MARCO Bellasi is a prizewinning conductor whose goal as musical director of Furness Bach Choir is to preserve its tradition of excellence in performing great works from the choral repertoire, while suggesting new approaches to music and choral sound.

Since he picked up the FBC baton in 2017, he's done a terrific job and on Saturday, November 30 (7.30pm), takes to the podium once again as the well- respected choristers perform Handel's oratorio Solomon at Ulverston Parish Church.

Solomon is a truly amazing work and consists of three acts, plus an overture.

Written in the years immediately following the Jacobite rebellion of 1745, Solomon is Handel’s oratorio that praises above all the beauties of a unified society at a time when the British nation was still healing from profound divisions.

Marco is passionate about the work and is bringing his own orchestra, the Michael Haydn Orchestra, to play alongside a line-up of highly regarded young soloists to share the stage with Naomi Marczak, John Brice and Cathy Styles from the choir.

Daniella Sicari takes the role of the Queen of Sheba with Ralph Thomas Williams as Solomon.

"Solomon is widely regarded as the king that brought the most wealthy, prosperous and peaceful period in the history of Israel," explains Marco. "He's remembered also for being the king that built the holy temple to contain the Ark of the Covenant; this temple is regarded as one of the greatest achievements of humanity."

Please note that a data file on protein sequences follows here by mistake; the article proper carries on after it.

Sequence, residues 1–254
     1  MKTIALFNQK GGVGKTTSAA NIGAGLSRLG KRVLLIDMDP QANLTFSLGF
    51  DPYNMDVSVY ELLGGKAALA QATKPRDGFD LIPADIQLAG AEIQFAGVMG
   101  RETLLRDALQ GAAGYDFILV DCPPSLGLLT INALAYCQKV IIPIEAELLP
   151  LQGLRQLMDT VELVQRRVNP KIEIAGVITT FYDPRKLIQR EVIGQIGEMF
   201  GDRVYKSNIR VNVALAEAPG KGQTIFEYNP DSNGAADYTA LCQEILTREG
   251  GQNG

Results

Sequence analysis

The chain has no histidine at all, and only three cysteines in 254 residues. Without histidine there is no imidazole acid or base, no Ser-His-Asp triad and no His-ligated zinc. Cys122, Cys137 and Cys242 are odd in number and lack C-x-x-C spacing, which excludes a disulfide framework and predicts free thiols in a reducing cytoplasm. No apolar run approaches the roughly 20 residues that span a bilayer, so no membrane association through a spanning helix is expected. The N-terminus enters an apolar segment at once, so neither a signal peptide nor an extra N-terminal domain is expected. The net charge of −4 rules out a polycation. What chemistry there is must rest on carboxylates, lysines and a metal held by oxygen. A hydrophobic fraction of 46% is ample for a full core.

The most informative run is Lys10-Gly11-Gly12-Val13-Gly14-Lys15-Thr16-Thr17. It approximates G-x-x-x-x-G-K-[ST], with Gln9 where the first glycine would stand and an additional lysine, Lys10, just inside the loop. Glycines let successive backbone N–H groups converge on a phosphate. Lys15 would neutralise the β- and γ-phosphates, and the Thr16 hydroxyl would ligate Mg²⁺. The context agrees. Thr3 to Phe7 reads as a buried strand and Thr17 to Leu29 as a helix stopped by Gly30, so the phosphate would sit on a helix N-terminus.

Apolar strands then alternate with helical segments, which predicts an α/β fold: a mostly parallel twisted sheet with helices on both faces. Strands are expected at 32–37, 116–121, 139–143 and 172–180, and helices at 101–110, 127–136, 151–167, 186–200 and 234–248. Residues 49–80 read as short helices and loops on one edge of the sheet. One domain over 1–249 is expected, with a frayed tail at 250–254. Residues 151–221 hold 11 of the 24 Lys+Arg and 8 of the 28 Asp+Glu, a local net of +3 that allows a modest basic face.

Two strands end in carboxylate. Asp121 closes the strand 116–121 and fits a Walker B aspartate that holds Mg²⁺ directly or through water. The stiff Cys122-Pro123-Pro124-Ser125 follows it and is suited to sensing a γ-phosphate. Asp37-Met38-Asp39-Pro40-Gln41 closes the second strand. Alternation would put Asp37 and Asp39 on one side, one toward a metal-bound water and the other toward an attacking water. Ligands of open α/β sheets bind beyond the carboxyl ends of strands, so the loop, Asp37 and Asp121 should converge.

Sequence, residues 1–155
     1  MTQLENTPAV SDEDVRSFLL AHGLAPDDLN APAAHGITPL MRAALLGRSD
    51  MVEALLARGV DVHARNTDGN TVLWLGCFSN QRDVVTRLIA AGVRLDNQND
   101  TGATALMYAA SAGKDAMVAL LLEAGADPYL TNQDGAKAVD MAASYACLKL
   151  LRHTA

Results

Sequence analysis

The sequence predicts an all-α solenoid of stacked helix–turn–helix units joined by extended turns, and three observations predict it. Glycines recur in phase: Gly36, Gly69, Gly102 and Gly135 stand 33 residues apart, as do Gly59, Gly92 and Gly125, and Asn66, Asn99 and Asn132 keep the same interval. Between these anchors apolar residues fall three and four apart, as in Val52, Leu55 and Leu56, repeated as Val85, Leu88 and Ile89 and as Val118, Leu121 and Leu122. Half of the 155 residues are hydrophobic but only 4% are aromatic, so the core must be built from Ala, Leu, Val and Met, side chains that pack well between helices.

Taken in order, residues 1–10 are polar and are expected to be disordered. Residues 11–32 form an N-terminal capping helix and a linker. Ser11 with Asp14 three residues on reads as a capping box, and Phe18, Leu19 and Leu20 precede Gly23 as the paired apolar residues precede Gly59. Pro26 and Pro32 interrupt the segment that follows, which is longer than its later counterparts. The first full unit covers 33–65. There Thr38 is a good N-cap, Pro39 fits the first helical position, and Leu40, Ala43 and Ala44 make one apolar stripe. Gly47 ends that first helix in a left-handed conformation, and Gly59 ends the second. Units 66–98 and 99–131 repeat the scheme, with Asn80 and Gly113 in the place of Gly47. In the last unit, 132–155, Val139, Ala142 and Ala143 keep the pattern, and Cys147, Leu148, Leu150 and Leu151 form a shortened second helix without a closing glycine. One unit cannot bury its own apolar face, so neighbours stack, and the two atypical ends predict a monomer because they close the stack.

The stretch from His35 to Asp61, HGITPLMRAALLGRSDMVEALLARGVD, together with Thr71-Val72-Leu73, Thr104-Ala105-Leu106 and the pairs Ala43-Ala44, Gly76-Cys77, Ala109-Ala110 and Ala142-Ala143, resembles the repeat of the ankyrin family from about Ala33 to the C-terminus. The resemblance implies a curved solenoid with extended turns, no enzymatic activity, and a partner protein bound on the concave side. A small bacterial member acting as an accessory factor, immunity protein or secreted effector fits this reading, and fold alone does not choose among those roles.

It is thought that Solomon had up to 700 wives and concubines during his life. Mild references of Solomon as great lover can be found in act one of the oratorio when Solomon introduces his wife, the queen, and sings a love duet with her.

Act two is based around the well known story of two women arguing over who is the mother of the newborn baby, and Solomon's sharp thinking to find a solution and act three is an account of how such a charming statesman Solomon could be when he welcomes the Queen of Sheba (who is believed to be from Ethiopia) on a diplomatic visit to Israel. Solomon has prepared for the visiting queen a spectacular entertainment with music sung and played for her in which he takes an active part.

"The famous eight-part chorus in act three Praise the Lord that we have decided to move to the very end of the oratorio is perhaps the most potent example of Handel’s supreme talent for depicting the majestic and the sublime," adds Marco. "It almost seems to be a musical embodiment of the sacred temple of Solomon and the beauty and the power it represents. It is also a great example of how Handel masters to perfection the technique of the double choir and the art of rhetoric through the use of repetition in music. When we perform or listen to this chorus in particular we cannot fail to feel that we are all part of something bigger than we are, something that brings us ultimately all together and unifies us all."

The following weekend, on Sunday, December 8, Furness Bach Choir repeats the performance in the magnificent surroundings of Manchester Cathedral.

The Ulverston concert starts at 7.30pm. Tickets are available from Sutton's Bookshop at Ulverston or by telephone on 01229-837680.